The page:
The Benefits of PTAs and PTs Working Together, According to a DPT

The collaborative partnership between the physical therapist (PT) and physical therapist assistant (PTA) is becoming more commonplace due to the many benefits it produces for practitioners and patients alike. 

One key advantage of the PT-PTA model is the level of focus it permits throughout the patient care experience. Rather than a single clinician assuming every responsibility for the patient’s plan of care, the PT and PTA take on separate roles while maintaining a direct line of communication with one another.

Differentiating the Role of the PT and PTA

PTs have earned a Doctor of Physical Therapy (DPT), and part of their role is to make critical decisions related to a patient’s treatment plan. This includes ensuring physical therapy is a suitable mode of treatment, assessing and diagnosing the patient, formulating a plan of care, supervising the PTA, and reassessing and discharging the patient.

In turn, PTAs earn an Associate’s or Bachelor’s degree and perform a large portion of hands-on care when working with patients to implement the PT’s prescribed plan of care. They use skilled interventions such as therapeutic exercises and activities or manual therapy to guide patients toward reaching their activity goals. The PTA regularly reports back to the PT with any notable signs of patient progress or areas of concern.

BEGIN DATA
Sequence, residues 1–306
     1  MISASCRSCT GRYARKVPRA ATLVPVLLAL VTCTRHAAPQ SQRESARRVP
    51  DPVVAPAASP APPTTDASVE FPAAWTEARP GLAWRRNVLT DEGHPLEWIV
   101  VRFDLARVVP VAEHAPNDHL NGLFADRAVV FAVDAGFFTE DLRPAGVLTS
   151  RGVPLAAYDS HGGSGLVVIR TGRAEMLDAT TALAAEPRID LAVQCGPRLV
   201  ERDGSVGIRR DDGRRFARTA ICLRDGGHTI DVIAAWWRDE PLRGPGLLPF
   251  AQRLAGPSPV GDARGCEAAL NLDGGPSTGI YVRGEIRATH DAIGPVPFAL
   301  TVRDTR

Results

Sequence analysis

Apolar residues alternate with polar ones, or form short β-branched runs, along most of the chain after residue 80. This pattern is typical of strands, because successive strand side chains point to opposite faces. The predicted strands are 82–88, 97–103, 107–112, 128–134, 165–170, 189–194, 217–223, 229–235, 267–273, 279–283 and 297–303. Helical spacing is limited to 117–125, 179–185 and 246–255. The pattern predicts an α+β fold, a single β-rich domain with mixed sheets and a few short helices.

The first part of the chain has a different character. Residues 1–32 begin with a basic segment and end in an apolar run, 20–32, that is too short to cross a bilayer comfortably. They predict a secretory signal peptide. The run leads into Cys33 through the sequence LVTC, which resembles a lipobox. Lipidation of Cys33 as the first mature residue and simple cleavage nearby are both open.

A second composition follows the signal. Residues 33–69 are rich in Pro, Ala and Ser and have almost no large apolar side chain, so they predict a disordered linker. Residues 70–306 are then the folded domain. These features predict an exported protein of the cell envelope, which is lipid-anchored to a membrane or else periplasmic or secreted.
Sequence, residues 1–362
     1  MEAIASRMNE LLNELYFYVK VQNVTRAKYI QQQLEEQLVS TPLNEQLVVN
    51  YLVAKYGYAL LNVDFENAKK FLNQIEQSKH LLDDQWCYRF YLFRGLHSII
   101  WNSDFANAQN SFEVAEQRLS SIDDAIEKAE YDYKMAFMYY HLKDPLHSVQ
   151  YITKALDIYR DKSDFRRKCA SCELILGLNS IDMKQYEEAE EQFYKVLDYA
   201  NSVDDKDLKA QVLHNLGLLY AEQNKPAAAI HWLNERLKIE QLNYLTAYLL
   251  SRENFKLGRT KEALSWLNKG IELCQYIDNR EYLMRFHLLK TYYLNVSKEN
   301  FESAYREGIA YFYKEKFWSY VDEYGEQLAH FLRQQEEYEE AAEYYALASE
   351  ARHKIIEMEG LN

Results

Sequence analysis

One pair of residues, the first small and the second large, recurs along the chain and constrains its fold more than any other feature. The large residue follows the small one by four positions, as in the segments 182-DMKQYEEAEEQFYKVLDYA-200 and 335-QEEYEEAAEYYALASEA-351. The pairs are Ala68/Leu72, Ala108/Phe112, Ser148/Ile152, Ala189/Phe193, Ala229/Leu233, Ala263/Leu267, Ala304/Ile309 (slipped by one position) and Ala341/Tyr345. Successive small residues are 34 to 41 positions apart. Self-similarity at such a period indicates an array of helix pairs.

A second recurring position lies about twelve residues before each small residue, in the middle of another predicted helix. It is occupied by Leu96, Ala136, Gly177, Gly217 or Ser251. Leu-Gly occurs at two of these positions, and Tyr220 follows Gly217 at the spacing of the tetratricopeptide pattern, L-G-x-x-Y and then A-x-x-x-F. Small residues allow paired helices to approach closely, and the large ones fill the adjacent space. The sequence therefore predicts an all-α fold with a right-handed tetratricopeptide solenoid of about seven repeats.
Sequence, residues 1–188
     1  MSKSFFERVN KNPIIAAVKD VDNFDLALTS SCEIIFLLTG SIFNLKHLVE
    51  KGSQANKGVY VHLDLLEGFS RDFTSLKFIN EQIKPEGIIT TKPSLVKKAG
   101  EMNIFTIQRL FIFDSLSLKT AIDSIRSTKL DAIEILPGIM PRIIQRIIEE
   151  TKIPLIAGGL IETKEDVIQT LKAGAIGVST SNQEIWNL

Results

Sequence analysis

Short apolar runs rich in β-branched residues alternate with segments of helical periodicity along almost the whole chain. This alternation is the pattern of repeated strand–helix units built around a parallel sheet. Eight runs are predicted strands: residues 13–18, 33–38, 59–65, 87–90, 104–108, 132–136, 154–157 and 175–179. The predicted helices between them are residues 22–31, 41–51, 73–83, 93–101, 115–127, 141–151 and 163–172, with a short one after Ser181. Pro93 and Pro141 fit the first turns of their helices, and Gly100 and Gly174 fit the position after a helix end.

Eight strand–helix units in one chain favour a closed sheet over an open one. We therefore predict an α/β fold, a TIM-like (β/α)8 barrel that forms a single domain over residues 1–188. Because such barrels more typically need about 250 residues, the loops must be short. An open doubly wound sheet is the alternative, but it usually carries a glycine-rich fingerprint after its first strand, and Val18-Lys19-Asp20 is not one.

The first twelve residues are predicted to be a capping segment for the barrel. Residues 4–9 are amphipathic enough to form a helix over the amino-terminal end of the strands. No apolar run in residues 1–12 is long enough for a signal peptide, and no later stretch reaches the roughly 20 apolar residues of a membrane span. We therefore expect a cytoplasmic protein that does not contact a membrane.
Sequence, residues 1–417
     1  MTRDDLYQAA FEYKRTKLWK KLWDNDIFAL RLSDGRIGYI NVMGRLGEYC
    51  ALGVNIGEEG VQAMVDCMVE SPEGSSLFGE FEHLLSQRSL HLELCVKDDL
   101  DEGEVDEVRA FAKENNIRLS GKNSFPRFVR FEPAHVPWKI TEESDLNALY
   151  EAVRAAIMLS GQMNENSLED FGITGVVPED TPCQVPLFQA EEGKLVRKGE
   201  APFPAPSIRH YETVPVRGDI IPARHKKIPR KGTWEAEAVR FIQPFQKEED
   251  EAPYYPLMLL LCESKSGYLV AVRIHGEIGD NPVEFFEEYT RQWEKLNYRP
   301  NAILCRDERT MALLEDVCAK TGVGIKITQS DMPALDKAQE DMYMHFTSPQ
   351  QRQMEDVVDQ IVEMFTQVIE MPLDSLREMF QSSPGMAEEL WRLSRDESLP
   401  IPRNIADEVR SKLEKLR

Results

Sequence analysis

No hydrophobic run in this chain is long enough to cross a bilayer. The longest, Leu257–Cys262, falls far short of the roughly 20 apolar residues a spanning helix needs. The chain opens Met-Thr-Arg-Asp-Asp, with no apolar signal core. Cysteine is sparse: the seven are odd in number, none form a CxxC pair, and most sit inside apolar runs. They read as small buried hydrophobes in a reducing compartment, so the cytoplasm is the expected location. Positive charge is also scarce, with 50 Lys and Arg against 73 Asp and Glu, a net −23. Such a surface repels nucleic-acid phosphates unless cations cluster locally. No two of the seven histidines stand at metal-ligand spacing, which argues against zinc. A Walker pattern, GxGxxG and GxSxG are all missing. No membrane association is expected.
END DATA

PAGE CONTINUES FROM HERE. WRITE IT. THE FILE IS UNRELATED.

Benefits of the PT-PTA Model

Dr. Nathan Halm, DPT and instructor in the Clarkson College PTA program, knows from first-hand experience how the continuum of care between the PT and the PTA can not only lead to more positive patient outcomes, but also supports a more effective practice. “It allows companies to have increased flexibility while still being fiscally responsible and providing excellent quality of care,” said Dr. Halm. “The PTA also provides additional input and thought processes to the clinical decision-making process, which leads to more optimal patient outcomes.” 

Dr. Halm added how the PT-PTA partnership is one of practicality and convenience. “If the PT is sick or out of town, the PTA’s familiarity with the patient’s case and goals allows for treatment to continue in an effortless manner.”

Benefits of Becoming a PTA

Students can earn an Associate’s degree in PTA and begin working in the field in as little as two years, as opposed to eight years of school to become a PT. This, along with the opportunity to complete ongoing face-to-face interaction with patients, is an incentive that attracts many students to the role.PTA Degree Options

Clarkson College offers three different degree pathways to pursue a career as a licensed PTA:

  • An Associate’s degree in PTA with a traditional on-campus experience or a transfer hybrid option available.
  • A Bachelor’s degree in PTA to further develop your skills and enhance your marketability within the field.
  • A dual degree option where students can supplement their PTA education with a Bachelor’s degree in PTA, Community Health or Healthcare Business. 

Learn more about becoming a PTA and the program options available at Clarkson College.